Britain, France and Germany on Thursday launched a trade mechanism to bypass US sanctions on Iran, drawing praise from Tehran – and a warning from Washington.
Brussels hopes the long-awaited special payment system will help save the Iran nuclear deal by allowing Tehran to keep trading with EU companies despite Washington reimposing sanctions after President Donald Trump abruptly quit the accord last year.
The three countries – the European signatories to the 2015 deal that curbed Tehran’s nuclear ambitions in return for sanctions relief – launched the device, which has been in preparation for months, at a meeting of EU foreign ministers in Bucharest.
Iran cautiously welcomed the news as a “first step” but US officials dismissed the idea that the new entity would have any impact on efforts to exert economic pressure on Tehran, and fired a fresh warning at anyone thinking of trading with the Islamic republic.
While the new institution, called INSTEX – short for Instrument in Support of Trade Exchanges – is a project of the three governments, it will receive the formal endorsement of all 28 EU members.
The company was registered in Paris on Tuesday with an initial 3,000 euros in capital and a supervisory board with members from France and Germany, and chaired by a Briton.
“INSTEX will support legitimate European trade with Iran, focusing initially on the sectors most essential to the Iranian population – such as pharmaceutical, medical devices and agri-food goods,” the foreign ministers of Britain, Germany and France – Jeremy Hunt, Heiko Maas and Jean-Yves Le Drian – said in a joint statement.
In the longer term, INSTEX aims to be open to third countries wanting to trade with Iran, the statement said – an ambition unlikely to please Washington.
Iran’s deputy foreign minister Abbas Araghchi hailed INSTEX as “the first step within the set of commitments the Europeans have made to Iran” but said that to be of any value, it must allow trading of sanctioned goods.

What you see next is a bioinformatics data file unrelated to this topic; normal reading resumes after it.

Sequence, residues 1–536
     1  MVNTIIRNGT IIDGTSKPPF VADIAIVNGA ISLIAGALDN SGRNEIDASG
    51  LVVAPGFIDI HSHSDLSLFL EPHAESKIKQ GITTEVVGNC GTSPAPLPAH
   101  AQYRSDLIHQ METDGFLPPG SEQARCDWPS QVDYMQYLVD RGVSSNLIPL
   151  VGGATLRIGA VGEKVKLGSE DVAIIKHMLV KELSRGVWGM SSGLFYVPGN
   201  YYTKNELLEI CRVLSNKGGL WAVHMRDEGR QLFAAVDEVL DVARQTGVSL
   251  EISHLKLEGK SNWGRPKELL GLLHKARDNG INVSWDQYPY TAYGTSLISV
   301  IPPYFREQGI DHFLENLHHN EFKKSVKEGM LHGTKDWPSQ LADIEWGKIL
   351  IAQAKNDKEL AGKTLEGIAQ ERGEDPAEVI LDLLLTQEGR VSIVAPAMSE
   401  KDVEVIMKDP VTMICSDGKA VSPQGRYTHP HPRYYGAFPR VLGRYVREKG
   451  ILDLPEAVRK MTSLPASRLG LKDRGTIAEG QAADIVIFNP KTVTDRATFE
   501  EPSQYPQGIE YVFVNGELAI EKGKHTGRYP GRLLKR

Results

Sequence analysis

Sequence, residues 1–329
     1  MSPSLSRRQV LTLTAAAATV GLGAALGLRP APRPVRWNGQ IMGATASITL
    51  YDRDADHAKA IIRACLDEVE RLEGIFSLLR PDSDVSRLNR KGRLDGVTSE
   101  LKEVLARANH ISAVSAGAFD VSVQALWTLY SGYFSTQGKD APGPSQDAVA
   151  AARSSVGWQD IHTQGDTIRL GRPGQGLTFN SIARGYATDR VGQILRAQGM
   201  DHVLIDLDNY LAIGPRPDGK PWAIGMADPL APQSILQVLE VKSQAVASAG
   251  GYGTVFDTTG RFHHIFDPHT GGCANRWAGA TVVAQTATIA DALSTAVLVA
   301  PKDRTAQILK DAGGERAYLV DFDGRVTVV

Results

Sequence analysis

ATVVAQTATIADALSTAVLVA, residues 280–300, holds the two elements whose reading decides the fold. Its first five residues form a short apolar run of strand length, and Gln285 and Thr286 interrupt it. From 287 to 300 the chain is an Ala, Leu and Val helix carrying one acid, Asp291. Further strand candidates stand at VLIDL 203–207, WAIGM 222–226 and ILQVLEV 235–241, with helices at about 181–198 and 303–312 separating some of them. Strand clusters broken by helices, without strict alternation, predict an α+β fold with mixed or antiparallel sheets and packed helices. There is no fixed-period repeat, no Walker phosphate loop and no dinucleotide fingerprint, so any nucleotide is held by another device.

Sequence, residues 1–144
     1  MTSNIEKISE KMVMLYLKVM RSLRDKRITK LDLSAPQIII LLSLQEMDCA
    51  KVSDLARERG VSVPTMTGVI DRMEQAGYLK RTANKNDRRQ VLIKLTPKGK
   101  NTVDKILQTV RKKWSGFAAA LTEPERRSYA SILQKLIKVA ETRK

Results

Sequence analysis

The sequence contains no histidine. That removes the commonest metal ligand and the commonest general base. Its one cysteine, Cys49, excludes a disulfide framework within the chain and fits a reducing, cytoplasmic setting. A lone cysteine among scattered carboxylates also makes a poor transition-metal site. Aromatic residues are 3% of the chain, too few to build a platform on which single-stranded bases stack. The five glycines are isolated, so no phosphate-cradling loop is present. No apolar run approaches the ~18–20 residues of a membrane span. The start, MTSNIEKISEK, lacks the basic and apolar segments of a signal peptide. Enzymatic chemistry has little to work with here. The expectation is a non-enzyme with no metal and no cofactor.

EU diplomatic chief Federica Mogherini, who has led the bloc’s efforts to save the Iran nuclear deal, also welcomed its creation.
INSTEX is not yet operational and needs Iran to set up a parallel structure of its own, a French government source told AFP – something which may take some time to complete.
While it is aimed at small and medium-sized companies, the French source said it would send an important message to Iran about Europe’s commitment to keeping the nuclear deal alive.
“We have to try to reduce the effects of Trump’s decision,” the source said.
“It is not a primarily commercial move but a strategic one.”
For some in the EU, INSTEX represents the start of a European fightback against Washington’s swingeing extra-territorial sanctions – which are enabled by the dollar’s role as the world’s dominant reserve currency.
Washington has warned the EU against trying to sidestep its sanctions on Tehran, while the Europeans – along with the deal’s other signatories Russia and China – say Iran has not broken its side of the nuclear accord and should be allowed to trade.
The UN atomic agency has certified Iran’s compliance with its obligations 13 times, and even the head of the CIA said this week that Tehran was abiding by the accord – drawing a furious response from Trump.
Joseph Giordono-Scholz, a spokesman for the US embassy in Berlin, insisted INSTEX would not undermine America’s economic campaign against Tehran.
“Entities that continue to engage in a sanctionable activity involving Iran risk severe consequences that could include losing access to the US financial system and the ability to do business with the United States or US companies,” he said.
“We do not expect the SPV will in any way impact our maximum economic pressure campaign.”
A number of major international companies have already pulled out of Iran in the face of dire warnings that the US will vigorously pursue any company breaching the sanctions regime.
The launch of INSTEX comes with EU countries growing increasingly concerned about Tehran’s ballistic missile programme, as well as its human rights record, its interference in Middle East conflicts and recent attempted attacks against opposition groups in Europe.
EU countries have been trying to agree on a common statement on Iran covering the full spectrum of concerns, but so far they have struggled to reach consensus.
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